Congress should consider forgiving the flood insurance program's current debt, most of which can be traced to storms such as Katrina, Rita and Wilma, which hit in 2005, before Congress gave FEMA better tools to manage financial risk for these types of events. Forgiving the debt owed by one part of the government to another is no different from paying for disaster relief without requiring offsetting budget cuts, which only die-hard fiscal conservatives advocate; clearing it off the books will mean old costs from previous storms don't burden the agency's ability to manage floods now.
After the most damaging flood in U.S. history, we also need to fund accurate flood mapping for the entire nation. We need better maps out ahead of development, so people know how to build and won't get caught with costly flood insurance premiums if maps are drawn after an area is developed. It would take an estimated $7.5 billion to map all the floodplains in the nation.
Congress should also reinstate the federal flood risk management standard President Trump recently revoked in an infrastructure executive order to assure a reasonable building standard for states and municipalities that use federal money to rebuild after disasters. This could be as simple as constructing most buildings one or two feet above the 100-year flood level (and two or three feet higher for critical facilities such as hospitals and police and fire stations). That way, taxpayers won't have to pay to rebuild these facilities as often. Houston already required putting new buildings one foot above the 100-year flood level. Studies of Harvey's rain may soon show that to be too low for the city', which may instead want to consider the three-foot standard Dallas has in place might be worth considering.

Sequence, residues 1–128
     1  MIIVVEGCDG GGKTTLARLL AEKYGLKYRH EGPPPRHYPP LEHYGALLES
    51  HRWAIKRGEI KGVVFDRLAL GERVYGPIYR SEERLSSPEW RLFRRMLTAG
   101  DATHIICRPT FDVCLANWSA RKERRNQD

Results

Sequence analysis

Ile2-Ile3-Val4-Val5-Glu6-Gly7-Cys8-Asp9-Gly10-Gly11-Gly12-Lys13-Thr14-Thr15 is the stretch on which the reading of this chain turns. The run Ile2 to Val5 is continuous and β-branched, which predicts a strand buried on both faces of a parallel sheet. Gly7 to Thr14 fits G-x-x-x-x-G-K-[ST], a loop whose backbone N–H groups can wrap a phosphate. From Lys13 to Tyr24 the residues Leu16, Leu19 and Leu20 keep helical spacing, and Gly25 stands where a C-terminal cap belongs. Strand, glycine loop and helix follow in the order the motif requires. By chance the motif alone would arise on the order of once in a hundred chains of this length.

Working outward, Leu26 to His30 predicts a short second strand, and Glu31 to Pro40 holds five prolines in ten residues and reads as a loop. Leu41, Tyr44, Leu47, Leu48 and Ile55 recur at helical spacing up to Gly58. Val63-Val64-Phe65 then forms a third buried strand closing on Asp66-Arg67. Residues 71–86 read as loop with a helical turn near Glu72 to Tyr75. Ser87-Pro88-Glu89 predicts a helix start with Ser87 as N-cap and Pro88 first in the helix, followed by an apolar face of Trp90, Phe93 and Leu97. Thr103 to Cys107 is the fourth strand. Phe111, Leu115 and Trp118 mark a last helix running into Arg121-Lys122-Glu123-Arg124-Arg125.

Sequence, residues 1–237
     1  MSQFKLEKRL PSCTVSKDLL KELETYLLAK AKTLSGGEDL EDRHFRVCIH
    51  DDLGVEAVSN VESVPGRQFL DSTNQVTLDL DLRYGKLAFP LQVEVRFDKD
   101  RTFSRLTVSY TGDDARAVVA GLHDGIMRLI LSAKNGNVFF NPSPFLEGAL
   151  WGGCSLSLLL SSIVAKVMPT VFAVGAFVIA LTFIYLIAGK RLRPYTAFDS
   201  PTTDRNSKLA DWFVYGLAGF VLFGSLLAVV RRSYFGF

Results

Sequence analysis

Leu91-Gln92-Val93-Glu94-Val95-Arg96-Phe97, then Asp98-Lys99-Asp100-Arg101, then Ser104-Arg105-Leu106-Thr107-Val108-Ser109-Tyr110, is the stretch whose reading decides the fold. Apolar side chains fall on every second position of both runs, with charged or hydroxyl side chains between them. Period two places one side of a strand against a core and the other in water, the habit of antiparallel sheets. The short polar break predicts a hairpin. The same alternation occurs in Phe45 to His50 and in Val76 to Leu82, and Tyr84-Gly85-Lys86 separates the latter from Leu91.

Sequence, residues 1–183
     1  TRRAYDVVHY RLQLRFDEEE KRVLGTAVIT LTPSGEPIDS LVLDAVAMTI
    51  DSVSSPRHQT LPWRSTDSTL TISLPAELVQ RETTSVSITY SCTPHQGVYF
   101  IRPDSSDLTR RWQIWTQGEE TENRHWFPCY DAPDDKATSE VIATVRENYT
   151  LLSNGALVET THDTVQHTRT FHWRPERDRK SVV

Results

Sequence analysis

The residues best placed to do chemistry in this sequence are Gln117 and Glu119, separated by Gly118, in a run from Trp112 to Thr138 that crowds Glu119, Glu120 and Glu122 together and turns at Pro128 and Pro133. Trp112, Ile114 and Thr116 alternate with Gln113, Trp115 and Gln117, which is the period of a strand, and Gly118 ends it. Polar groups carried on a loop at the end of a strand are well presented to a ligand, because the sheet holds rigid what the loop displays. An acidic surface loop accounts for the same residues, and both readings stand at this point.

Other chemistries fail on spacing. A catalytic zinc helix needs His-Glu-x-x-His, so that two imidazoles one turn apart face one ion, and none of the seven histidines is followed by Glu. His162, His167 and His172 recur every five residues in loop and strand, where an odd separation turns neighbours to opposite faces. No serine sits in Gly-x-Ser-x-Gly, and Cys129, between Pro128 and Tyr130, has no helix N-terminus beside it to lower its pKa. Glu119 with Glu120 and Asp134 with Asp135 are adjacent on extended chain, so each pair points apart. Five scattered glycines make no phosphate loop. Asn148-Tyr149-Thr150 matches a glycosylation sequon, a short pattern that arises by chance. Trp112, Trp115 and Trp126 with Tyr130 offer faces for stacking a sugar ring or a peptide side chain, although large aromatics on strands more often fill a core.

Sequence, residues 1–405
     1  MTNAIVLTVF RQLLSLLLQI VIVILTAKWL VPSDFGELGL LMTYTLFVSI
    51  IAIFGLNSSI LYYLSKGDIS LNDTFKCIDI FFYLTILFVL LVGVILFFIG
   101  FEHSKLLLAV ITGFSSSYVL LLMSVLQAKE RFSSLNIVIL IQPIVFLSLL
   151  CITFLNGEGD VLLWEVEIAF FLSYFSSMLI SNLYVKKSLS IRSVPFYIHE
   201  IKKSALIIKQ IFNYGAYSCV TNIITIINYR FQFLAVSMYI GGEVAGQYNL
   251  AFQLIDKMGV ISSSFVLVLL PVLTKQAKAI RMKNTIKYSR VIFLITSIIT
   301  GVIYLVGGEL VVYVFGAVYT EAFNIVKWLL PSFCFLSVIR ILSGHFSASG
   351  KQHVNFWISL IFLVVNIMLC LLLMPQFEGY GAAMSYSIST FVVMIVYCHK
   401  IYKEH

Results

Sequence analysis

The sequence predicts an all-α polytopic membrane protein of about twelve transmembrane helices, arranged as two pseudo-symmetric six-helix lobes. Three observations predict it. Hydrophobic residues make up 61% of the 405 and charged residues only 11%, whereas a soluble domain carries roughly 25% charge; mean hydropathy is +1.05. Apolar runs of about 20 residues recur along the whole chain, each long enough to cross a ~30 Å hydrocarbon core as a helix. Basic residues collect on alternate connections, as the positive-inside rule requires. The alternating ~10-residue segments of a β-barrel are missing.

The government must clarify, either through law or regulation, that Department of Housing and Urban Development disaster relief funds can be used for voluntary building acquisitions, removals and relocations. We can't keep paving over watersheds and filling them with parking lots and rooftops, taking away the ground's capacity to absorb rainfall. We must make wise use of nature's natural ability to store floodwaters to protect us.
Finally, leaders should immediately focus on improving and streamlining voluntary buyouts and other mitigation options to help residents move out of harm's way within reasonable time frames, especially after disasters, allowing communities to reform their land use in response to nature's realities.
The nation has not been particularly good at learning from past floods, which have occurred with discouraging frequency. This time, we need to actually fix some of the problems. If we don't, Americans facing some new devastation in the future will be looking back at Harvey and wondering why we didn't act now.